Earlier this month a handsome amount of $892,292 was awarded to Lockheed Martin by NASA to study the practicability of developing the SR-72, an unmanned hypersonic spy plane. First unveiled in November 2013, this super speed recon drone is believed to fly at speeds of Mach 6.0 or 4,500 mph. That is almost double the speed of its 50 year old predecessor Lockheed SR-71 Blackbird.
Officials at both Lockheed Martin Skunk Works and NASA Glenn Research Center are not talking about this recent award. According to Lockheed Martin website, Rocketdyne is working with them for the integration of a turbine engine, that will provide the speed of up to Mach 3 for the drone, with a supersonic ramjet engine or scram-jet, that will push the Mach 3 speed to a Mach 6.
Structurally speaking, the Scramjets are pretty simple. They contain no movable parts. There is an inlet, fuel injector, flame holder and a nozzle. Once the vehicle attains high enough speed, the supersonic air flow entering the inlet is compressed by the scram-jet, which is then mixed with the propellant and ignites everything in a matter of few milliseconds. The hot exhaust from the nozzle is not the fuel held by the plane, instead it’s the surrounding air, and this is why these are called ‘air-breathers.’
It’s been years, since the military has been experimenting on these designs. U.S Air Force tested a hypersonic Scramjet concept in between 2010 and 2013, called the X-51A WaveRider. Having a tungsten nose and an Inconel Nickel-Chromium Alloy Engine, the WaveRider was mounted on a rocket which was fired from the wing of a B-52. The WaveRider, having a cruise missile shape, was to dismount from the rocket and attain a high speed of as much as Mach 5.1.
The tests on the WaveRider were not as much of a success. The third and last test resulted in an out of control spin of the aircraft and disintegration of the aircraft after just 15 seconds of separation from the rocket. Still the Air Force is interested in whatever they can harvest from the project and gain experience, to develop the new High Speed Strike Weapon program.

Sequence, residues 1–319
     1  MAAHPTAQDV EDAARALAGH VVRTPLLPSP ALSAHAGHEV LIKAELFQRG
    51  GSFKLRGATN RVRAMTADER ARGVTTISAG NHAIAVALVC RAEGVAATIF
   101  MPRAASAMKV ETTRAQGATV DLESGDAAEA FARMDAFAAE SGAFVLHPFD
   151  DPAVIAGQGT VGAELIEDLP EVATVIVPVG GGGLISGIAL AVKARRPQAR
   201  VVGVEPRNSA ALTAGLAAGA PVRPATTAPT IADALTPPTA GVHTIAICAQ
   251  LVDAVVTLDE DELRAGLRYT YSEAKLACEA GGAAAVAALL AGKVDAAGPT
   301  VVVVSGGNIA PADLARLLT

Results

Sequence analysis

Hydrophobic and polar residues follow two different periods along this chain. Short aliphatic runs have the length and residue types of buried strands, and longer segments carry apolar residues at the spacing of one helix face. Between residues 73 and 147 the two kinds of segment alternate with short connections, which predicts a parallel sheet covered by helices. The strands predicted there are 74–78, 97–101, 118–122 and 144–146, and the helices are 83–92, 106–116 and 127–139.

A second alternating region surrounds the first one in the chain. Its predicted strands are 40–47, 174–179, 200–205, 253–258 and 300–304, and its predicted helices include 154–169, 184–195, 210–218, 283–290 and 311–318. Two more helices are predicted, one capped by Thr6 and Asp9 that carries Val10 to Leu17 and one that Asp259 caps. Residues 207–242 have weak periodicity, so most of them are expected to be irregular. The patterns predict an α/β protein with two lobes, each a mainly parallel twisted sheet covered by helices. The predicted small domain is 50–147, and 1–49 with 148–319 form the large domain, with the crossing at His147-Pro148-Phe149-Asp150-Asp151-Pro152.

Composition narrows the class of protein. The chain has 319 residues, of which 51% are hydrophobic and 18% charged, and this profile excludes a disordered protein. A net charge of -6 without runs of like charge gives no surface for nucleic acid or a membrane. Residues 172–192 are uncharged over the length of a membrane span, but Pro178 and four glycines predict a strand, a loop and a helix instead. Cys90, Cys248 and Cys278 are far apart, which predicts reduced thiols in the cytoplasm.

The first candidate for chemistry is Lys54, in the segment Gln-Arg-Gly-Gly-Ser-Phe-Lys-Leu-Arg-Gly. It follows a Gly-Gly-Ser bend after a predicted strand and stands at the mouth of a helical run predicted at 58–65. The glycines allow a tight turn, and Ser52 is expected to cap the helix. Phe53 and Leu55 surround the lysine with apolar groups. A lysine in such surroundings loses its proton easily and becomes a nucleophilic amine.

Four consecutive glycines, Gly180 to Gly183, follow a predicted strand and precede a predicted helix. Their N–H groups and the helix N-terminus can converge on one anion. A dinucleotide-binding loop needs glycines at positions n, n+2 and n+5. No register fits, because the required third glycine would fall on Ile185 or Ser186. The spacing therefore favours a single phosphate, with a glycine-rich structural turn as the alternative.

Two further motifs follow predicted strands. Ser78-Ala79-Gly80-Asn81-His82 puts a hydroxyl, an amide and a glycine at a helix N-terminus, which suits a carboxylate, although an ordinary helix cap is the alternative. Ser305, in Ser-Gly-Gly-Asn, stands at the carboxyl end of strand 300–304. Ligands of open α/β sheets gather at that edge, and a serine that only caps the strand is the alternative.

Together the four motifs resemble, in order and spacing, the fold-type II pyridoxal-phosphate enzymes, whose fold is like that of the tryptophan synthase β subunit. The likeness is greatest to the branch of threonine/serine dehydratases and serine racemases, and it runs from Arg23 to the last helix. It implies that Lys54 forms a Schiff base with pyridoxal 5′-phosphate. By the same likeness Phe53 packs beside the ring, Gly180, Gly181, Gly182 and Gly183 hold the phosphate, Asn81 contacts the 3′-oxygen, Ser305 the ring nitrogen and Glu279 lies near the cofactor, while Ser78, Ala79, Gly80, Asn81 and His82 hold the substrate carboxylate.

According to the Lockheed website, the SR-72’s design will keep in account all those lessons learned earlier by different supersonic flight teams, namely rocket-launched Falcon Hypersonic Technology Vehicle 2 (HTV-2) program. Developed by DARPA, being part of what it called the Conventional Prompt Global Strike, the HTV-2 was an effort that was to accomplish the task of delivering a conventional weapon on any target on Earth within an hour.
Similar to the WaveRider, the test launches of HTV-2 were not much of a success either. The last one in August 2011, was able to attain the speed of Mach 20 (13,000 mph), but ended up blowing itself up over the Pacific Ocean, following the flight safety protocol on board, as the temperature of 3,500 degrees Fahrenheit generated by the plan was tearing it’s skin apart.
According to the remarks of U.S. Air Force Major Chris Schulz, the DARPA HTV-2 program manager, after the 2011 test, “We know how to insert the aircraft into atmospheric hypersonic flight. We do not yet know how to achieve the desired control during the aerodynamic phase of flight.” The Major was seen confident, that they’d overcome this issue.
According to Lockheed, development of SR-72 will be complete by 2030.